This is why ‘freedom of speech’ doesn’t mean anti-trans academics are free to spout views on ‘gender ideology’
Paul Johnson, a professor and head of the department of sociology at the University of York, explains for PinkNews why ‘freedom of speech’ doesn’t mean anti-trans academics are free to spout views on ‘gender ideology’.
There is public discussion at the moment about freedom of speech in UK universities. Some people claim that freedom of speech is ‘under attack’ and, in some cases, that they are being ‘silenced’.
I’ve been in universities for 25 years and I know that freedom of speech is vital to my work. Without freedom of speech I would be unable to, as the Education Reform Act 1988 puts it, ‘question and test received wisdom’ and ‘put forward new ideas and controversial or unpopular opinions’.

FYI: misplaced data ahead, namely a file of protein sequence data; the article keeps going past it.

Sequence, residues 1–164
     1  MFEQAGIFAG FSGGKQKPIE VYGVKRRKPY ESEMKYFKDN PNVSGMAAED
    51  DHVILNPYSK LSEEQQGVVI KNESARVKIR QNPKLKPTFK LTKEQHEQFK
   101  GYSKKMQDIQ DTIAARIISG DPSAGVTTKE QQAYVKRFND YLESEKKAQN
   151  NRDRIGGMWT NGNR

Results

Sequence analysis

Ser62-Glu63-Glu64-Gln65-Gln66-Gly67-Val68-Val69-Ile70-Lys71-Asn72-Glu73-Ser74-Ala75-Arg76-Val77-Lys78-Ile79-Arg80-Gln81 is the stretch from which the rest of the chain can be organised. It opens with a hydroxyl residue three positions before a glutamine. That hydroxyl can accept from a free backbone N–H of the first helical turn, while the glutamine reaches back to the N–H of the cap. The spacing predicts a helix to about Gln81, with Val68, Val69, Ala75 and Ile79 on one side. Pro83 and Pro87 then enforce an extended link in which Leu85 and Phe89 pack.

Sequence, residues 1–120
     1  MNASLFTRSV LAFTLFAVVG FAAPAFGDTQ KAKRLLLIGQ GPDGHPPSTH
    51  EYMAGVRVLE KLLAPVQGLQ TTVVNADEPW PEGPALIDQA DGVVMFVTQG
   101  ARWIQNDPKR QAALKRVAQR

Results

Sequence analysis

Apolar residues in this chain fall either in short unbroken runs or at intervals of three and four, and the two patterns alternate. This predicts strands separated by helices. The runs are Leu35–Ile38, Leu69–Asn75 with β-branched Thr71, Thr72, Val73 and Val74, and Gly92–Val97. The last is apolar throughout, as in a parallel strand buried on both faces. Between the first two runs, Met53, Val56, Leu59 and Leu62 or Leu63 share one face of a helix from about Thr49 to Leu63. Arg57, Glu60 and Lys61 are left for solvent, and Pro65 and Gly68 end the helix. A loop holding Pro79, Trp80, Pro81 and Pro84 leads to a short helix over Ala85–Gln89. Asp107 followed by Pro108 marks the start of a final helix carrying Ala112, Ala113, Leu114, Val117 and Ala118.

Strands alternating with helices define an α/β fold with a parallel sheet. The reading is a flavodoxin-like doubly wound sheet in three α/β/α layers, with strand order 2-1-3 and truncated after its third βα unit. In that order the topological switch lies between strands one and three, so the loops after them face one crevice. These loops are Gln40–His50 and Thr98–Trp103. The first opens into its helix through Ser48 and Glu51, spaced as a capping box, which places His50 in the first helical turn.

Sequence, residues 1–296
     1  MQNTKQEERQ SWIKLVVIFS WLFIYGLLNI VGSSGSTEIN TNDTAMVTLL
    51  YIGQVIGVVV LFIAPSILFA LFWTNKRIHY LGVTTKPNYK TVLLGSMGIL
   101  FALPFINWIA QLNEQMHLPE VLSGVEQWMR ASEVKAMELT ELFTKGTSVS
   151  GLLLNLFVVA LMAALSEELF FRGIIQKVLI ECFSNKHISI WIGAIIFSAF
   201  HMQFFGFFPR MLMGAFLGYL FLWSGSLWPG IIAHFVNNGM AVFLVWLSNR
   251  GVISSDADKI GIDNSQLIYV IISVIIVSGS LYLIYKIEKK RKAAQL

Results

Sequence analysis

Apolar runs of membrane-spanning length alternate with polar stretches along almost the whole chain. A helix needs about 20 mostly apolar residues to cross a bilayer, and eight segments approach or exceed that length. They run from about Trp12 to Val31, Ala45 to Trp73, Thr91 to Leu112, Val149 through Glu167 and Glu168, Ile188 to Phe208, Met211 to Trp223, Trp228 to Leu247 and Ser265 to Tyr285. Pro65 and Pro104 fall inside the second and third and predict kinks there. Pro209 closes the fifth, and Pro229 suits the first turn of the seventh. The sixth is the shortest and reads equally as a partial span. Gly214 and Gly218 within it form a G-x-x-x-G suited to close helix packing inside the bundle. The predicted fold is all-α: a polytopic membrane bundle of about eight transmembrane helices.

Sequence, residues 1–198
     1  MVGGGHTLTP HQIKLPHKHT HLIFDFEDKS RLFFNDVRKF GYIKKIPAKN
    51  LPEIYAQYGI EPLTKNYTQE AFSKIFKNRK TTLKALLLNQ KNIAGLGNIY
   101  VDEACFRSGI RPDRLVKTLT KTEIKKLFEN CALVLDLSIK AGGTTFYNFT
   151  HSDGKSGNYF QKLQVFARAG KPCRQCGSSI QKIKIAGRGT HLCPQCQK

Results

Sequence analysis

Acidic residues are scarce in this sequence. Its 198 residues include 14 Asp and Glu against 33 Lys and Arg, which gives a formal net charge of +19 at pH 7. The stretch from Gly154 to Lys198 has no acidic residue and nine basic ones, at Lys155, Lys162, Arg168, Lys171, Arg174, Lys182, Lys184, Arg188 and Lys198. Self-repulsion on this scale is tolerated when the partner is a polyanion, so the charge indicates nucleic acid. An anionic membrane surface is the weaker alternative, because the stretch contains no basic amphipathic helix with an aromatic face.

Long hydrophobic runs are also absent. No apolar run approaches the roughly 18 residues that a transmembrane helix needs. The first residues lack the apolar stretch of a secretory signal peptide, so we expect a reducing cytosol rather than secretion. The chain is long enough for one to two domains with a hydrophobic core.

Freedom of speech in universities is protected by law.
The Education (No. 2) Act 1986 places a duty on universities in England and Wales to take reasonably practicable steps to ensure that freedom of speech, within the law, is secured for staff, students and visiting speakers.
The Article 10 ECHR right to freedom of expression explicitly includes ‘freedom to hold opinions and to receive and impart information and ideas’. This is vital in a university setting, where without being able to receive and send out information and ideas academics couldn’t do their jobs.
Article 10 ECHR, however, does not provide an absolute right to freedom of expression. Rather, it allows this right to be restricted if it is lawful to do so and ‘necessary in a democratic society’ to meet a legitimate aim, such as ‘the prevention of disorder or crime’ or ‘the protection of the reputation or rights of others’.
In essence, then, Article 10 ECHR ensures that in a university (as elsewhere) freedom of expression is protected, within certain parameters. In other words, not all academic speech will qualify for the protection of Article 10 ECHR.
When can academic speech be restricted?
In my view, there can be no hard and fast rules on when academic speech can be restricted.
When to apply any restriction needs to be considered on a case-by-case basis, using two overarching principles developed by the European Court of Human Rights.